Weekend tech reading: Google Music to launch sans Sony, Warner

By Matthew
Nov 13, 2011
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  1. Google Music launching without Sony and Warner Google sent invitations today for a press event, to be held in Los Angeles, where the company is expected to add downloads to its…

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  2. lol.

    quote:
    "US court verdict 'huge blow' to privacy, says fomer WikiLeaks aide Icelandic MP and former WikiLeaks volunteer Birgitta Jonsdottir has slammed the decision by US courts to open her Twitter account to the US authorities and is taking her case to the Council of Europe. On Thursday a US judge ruled Twitter must release the details of her account and those of two other Twitter users linked to WikiLeaks."

    some informations are for the consumption of government authorized agencies only but wikileaks exposed it to the general public.

    now it's the time of the government to do the opposite the legal way and the wikileaks volunteer objects.

    for crying out loud.

    'nuff said.
  3. Wendig0

    Wendig0 TechSpot Paladin Posts: 1,061   +68

    I've been testing the Firefox beta for the last couple days, and so far I haven't seen any improvement over 7.0. It has crashed on me 5 or 6 times already, and isn't noticeably faster. I've been filling out feedback forms all weekend.
  4. gwailo247

    gwailo247 TechSpot Chancellor Posts: 2,105   +18

    Yeah, I liked this one:

    "We have to have the same civil rights online as we have offline. Imagine if the US authorities wanted to do a house search at my home, go through my private papers. There would be a hell of a fight. It's absolutely unacceptable."

    But I guess if one of the Wikileaks volunteers became disillusioned with their cause and hacked into her account and took that information and gave it to the gov't, it would be ok?

    Like you said, they are respecting her civil rights and following due process of the law. Its not as if they sent in some SEALs into her house, and held up a gun to her head and forced her to type in her twitter password, or they hacked into her computer (or Twitter) and stole it.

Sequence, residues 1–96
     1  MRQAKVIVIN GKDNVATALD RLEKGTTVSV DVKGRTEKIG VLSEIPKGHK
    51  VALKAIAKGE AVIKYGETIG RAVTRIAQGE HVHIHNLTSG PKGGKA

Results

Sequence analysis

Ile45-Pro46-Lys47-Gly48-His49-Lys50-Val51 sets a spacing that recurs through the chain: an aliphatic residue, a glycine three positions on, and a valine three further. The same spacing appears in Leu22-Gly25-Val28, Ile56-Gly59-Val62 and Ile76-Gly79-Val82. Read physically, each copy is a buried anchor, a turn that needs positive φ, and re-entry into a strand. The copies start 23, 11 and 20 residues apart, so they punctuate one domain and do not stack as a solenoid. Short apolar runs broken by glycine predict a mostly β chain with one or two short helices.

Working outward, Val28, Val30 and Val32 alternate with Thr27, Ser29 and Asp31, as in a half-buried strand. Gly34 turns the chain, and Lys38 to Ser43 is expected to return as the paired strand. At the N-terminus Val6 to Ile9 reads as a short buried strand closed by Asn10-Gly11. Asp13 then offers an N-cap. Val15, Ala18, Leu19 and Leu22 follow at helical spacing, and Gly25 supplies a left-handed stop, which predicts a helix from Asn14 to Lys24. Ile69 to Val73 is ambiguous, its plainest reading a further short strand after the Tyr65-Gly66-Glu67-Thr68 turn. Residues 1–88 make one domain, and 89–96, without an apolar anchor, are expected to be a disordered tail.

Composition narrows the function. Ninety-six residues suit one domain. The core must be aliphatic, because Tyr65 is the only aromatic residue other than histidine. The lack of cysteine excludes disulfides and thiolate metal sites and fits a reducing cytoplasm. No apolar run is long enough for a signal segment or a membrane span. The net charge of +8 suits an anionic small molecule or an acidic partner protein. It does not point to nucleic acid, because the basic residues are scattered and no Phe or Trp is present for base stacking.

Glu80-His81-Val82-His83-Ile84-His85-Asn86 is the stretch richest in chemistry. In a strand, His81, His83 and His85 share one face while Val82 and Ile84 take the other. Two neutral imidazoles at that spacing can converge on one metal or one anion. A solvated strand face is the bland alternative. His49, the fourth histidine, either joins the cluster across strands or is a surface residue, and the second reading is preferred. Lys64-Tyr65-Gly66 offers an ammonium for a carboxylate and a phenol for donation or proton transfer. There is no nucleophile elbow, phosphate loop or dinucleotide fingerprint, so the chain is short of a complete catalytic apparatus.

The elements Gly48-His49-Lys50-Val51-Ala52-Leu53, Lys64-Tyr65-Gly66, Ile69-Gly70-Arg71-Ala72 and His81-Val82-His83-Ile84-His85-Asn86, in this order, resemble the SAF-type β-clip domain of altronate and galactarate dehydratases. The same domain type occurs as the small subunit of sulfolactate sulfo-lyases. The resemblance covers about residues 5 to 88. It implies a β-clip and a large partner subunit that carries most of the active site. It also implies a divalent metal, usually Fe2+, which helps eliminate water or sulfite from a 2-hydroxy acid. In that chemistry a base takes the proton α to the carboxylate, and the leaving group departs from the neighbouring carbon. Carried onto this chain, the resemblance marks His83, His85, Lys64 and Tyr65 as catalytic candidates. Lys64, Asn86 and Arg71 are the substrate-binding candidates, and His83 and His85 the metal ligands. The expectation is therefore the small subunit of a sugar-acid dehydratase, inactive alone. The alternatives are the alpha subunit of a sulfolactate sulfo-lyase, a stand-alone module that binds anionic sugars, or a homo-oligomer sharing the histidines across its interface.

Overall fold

5. TJGeezer

    TJGeezer TechSpot Enthusiast Posts: 384   +10

    Seems to me all these objections to the Wikileaks position boil down to: If the government does it, and all forms are followed, it's okay. If the government stays within the law there are no grounds to object.

    Excuse me? That's the reasoning of the Supreme Court when it turned down compelling new evidence and allowed Texas to execute an arguably innocent man. All the forms were followed. You really think that makes it okay?

    I guess it would sound more convincing if I'd seen any evidence at all that Wikileaks had done actual harm to the U.S. government or its military that the two haven't already trumped many times over. The only harm Wikileaks has done is embarrass various bureaucrats, politicians and halfwit generals by shining a light on their attitudes and activities. No strategic damage ever shown. Ever.

    Anyone who can watch the corporate-owned U.S. government and the war industry-owned Pentagon, and think a repressive response by them is fine if they follow the legal forms, has entirely too much confidence in the U.S. Congress to make laws in the interests of the public.

    I guess 9% of the American public have similar confidence in Congress, according to recent approval ratings Nancy Pelosi quoted on TV. She seemed quite proud of the 40% approval her party achieved when in control. A 40+% high. Right. Yippee.

    Go head Wikileaks, shine all the light you can into their dark corners. Embarrass the heck out of them. And protect your sources all you can.


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